Madeline Earp/CPJ Consultant Technology Editor

Madeline Earp is a consultant technology editor for CPJ. She has edited digital security and rights research for projects including five editions of Freedom House’s Freedom on the Net report, and is a former CPJ Asia researcher.

David Kaye on the Pegasus Project and why surveillance reform should reach beyond NSO Group and Israel

In 2020, then-United Nations special rapporteur for freedom of opinion and expression David Kaye pressed Israeli firm NSO Group in a public letter for details about its human rights due diligence and assertions that Saudi Washington Post columnist Jamal Khashoggi had not been targeted with its Pegasus spyware before his brutal 2018 murder. The group…

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Pegasus Project revelations show added layer of risk for corruption reporters

Exposing those who abuse power for personal gain is a dangerous activity. Nearly 300 journalists killed for their work since CPJ started keeping records in 1992 covered corruption, either as their primary beat, or one of several. The risk was reaffirmed this month with the release of the Pegasus Project, collaborative reporting by 17 global…

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Investigative reporter Bradley Hope: Pegasus spyware revelations a ‘wake-up call for journalists’

Bradley Hope was in Abu Dhabi in 2009, the year the BlackBerry devices overheated. “If you put it next to your face it would almost burn,” he told CPJ in a phone interview. The BBC that year reported that a UAE telecom company had prompted local BlackBerry owners to install a rogue surveillance update disguised…

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Israeli lawyer Eitay Mack on bringing transparency to surveillance exports that threaten press freedom

“Many countries are using these technologies to put people in jail,” Israeli lawyer Eitay Mack told CPJ in a recent video interview. He was describing advanced surveillance capabilities, such as those that CPJ has documented being used to target journalists like Omar Radi and Maati Monjib, who were both jailed in Morocco in 2020.  Israeli companies like NSO Group and Cellebrite market equipment to…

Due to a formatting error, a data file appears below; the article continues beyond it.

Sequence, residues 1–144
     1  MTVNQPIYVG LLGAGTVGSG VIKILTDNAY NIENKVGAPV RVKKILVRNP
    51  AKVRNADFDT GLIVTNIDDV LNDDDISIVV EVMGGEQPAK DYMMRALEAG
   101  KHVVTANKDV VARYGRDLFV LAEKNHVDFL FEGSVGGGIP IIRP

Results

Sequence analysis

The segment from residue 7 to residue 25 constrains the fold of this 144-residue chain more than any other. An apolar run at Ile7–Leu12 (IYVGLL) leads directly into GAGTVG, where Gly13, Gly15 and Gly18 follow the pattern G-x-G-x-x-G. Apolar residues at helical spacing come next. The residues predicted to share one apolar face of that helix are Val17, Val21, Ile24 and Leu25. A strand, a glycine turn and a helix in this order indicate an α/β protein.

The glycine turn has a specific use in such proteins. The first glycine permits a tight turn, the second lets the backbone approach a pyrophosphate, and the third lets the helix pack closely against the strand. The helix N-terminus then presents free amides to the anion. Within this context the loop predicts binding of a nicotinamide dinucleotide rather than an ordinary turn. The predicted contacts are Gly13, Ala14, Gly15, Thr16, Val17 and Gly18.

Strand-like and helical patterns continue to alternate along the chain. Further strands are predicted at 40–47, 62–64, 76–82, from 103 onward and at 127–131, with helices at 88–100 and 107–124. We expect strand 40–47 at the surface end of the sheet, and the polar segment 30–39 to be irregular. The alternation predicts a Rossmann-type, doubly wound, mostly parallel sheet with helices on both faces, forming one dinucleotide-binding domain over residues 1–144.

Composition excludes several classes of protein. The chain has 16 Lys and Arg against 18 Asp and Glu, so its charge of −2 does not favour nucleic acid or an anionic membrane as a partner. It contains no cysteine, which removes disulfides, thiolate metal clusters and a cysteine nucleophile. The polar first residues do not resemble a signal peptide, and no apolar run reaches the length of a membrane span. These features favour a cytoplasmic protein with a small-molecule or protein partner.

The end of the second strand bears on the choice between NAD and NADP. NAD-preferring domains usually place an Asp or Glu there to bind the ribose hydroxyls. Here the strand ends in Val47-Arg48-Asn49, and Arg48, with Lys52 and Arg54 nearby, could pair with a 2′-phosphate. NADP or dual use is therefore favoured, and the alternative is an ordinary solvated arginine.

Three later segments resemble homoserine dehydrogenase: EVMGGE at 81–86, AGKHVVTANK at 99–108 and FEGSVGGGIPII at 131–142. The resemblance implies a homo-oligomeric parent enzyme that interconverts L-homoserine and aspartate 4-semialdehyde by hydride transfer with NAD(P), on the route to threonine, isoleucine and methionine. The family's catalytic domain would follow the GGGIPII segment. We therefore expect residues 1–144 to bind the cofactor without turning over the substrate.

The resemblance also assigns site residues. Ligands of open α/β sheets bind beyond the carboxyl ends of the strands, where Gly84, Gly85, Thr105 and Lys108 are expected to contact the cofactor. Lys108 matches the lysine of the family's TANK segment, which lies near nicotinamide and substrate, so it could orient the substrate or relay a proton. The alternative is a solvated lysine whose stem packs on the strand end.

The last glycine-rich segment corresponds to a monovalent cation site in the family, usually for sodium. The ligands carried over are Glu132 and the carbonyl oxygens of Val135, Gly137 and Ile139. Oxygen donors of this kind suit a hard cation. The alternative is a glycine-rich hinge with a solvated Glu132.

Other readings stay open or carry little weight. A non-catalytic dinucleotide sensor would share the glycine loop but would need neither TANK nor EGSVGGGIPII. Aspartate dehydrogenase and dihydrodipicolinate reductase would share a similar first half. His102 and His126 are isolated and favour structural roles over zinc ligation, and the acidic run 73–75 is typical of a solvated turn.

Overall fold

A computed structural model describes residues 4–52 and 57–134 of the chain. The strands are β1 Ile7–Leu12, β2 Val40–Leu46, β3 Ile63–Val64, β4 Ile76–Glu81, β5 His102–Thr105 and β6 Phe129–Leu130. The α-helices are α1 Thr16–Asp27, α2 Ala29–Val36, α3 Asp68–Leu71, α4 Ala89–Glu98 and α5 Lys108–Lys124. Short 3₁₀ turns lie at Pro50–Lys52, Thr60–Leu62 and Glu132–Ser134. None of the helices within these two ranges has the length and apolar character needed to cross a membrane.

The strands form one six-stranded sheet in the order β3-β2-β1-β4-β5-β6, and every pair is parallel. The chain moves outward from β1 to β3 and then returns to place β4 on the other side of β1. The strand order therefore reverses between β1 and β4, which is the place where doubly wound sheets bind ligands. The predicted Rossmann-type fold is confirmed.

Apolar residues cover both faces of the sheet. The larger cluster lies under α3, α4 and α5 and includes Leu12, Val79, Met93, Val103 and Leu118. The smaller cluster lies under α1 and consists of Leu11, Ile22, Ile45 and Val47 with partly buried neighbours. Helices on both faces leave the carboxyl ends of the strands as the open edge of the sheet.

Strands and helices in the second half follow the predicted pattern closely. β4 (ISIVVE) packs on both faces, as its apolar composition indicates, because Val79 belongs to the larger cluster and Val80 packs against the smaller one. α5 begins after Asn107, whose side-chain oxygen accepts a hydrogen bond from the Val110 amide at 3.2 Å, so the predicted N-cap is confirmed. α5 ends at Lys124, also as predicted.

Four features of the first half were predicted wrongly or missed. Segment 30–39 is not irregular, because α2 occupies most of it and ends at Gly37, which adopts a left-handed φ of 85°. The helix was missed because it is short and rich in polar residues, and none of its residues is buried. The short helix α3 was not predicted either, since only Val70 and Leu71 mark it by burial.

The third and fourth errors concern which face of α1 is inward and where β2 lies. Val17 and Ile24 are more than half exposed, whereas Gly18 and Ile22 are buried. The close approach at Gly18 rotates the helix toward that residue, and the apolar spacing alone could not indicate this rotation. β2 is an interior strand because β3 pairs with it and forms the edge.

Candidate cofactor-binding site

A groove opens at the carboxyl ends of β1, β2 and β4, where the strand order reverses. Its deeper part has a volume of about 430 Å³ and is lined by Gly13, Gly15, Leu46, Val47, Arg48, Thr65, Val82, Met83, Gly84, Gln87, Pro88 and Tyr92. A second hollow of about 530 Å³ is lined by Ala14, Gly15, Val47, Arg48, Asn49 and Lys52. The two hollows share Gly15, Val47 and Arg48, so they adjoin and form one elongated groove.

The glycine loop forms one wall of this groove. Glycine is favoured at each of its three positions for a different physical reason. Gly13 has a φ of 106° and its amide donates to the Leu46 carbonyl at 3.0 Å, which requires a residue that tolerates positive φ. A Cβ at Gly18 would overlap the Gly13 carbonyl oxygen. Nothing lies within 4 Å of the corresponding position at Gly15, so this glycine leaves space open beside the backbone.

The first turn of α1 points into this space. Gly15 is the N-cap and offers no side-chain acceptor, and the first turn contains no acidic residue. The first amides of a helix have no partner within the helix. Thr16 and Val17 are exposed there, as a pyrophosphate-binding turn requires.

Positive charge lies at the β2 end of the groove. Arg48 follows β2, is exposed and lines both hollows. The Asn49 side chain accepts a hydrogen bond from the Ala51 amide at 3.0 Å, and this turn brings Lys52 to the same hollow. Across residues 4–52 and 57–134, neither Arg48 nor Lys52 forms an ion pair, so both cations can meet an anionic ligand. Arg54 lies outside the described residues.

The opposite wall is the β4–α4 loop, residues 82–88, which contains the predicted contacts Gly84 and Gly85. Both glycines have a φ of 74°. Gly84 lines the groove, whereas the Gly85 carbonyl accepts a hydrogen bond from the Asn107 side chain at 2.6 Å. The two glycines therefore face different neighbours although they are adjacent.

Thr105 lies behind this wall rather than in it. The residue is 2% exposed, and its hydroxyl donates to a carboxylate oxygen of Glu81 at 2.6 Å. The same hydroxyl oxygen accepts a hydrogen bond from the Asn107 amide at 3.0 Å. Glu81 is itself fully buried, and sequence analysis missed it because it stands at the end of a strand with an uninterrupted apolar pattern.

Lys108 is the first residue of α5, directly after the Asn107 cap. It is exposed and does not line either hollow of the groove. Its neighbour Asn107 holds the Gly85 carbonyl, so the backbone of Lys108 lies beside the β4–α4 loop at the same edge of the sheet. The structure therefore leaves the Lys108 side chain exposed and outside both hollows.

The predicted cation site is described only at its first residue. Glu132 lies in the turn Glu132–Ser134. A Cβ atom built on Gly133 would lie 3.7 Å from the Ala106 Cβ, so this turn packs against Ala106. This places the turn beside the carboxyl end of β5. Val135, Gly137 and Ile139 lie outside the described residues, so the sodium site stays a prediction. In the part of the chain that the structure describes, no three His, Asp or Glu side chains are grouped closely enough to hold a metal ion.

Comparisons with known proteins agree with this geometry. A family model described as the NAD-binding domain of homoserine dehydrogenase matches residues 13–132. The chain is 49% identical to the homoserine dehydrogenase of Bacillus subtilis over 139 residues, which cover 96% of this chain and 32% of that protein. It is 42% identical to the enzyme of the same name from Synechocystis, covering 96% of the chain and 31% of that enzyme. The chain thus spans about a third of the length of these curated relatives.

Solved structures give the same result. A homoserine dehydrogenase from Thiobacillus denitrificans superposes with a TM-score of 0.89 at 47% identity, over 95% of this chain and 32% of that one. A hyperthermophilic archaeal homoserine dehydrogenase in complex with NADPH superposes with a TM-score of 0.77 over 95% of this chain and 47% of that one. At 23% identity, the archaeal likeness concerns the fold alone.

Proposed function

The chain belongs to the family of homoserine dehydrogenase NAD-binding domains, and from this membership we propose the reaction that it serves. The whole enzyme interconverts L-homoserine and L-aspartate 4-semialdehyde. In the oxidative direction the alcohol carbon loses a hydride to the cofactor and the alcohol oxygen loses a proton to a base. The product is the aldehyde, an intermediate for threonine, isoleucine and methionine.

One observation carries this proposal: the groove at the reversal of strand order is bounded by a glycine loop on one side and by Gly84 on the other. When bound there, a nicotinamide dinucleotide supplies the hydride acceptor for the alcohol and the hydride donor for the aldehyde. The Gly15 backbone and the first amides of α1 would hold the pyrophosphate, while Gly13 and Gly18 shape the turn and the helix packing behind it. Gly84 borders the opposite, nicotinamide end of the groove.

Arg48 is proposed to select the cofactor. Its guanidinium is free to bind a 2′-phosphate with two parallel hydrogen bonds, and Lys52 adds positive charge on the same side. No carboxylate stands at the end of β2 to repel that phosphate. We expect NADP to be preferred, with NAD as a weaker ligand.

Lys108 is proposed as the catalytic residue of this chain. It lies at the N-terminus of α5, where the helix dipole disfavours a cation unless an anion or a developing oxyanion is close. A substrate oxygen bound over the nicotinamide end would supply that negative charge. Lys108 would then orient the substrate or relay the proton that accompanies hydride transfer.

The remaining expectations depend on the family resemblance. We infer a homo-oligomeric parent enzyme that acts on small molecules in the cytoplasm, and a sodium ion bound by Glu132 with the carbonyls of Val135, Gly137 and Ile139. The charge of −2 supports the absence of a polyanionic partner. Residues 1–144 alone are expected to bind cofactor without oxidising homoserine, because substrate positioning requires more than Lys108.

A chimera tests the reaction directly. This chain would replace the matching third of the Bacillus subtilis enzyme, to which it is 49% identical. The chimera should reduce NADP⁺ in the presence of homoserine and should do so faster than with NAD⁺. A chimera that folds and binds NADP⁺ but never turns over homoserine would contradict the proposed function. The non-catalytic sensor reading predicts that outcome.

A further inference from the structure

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UK online safety bill raises censorship concerns and questions on future of encryption

The U.K. government emphasized press freedom this month when it published the draft online safety bill for social media companies, pledging that the bill would protect both “citizen journalism” and “recognized news publishers” from censorship. Vocal segments of the media not only welcomed the legislation, but actively campaigned for it. When Oliver Dowden, secretary of…

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New York Times journalist Nicole Perlroth on the secret trade in tools used to hack the press

The last time New York Times cybersecurity journalist Nicole Perlroth spoke with Emirati activist Ahmed Mansoor in 2016, his passport had been taken and he had recently been beaten almost to the point of death. “We learned later on that our phone conversation had been tapped, that someone was in his baby monitor, that his…

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The logo of Russia's state communications regulator, Roskomnadzor, is reflected in a laptop screen in February 2019. Research by Censored Planet shows how Russia has imposed its censorship model in the past seven years. (Reuters/Maxim Shemetov)

Laws, cheap web filters arm Russia to block news, says Censored Planet

When Daniil Kislov tried to view the website of Fergana from his computer in Moscow on November 1, his browser showed him the now-familiar notification that the independent news outlet he directs had been blocked by order of Roskomnadzor, the national agency that regulates the internet in Russia, he told CPJ. Fergana has been blocked…

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Police officers detain an opposition supporter as journalists take pictures during a protest against presidential election results in Almaty, Kazakhstan, June 10, 2019. The blocking of news websites during the leadership transition suggests that recent moves to control the internet are about censorship, not security. (Reuters/Pavel Mikheyev)

Kazakhstan’s move to control internet prompts censorship, surveillance concerns

A state-controlled internet service provider in Kazakhstan is requiring at least some of its subscribers to submit to having their internet traffic intercepted when they use specific websites–including social media sites, email and messaging services, and Google News, according to research published this week by Censored Planet, a project at the University of Michigan.

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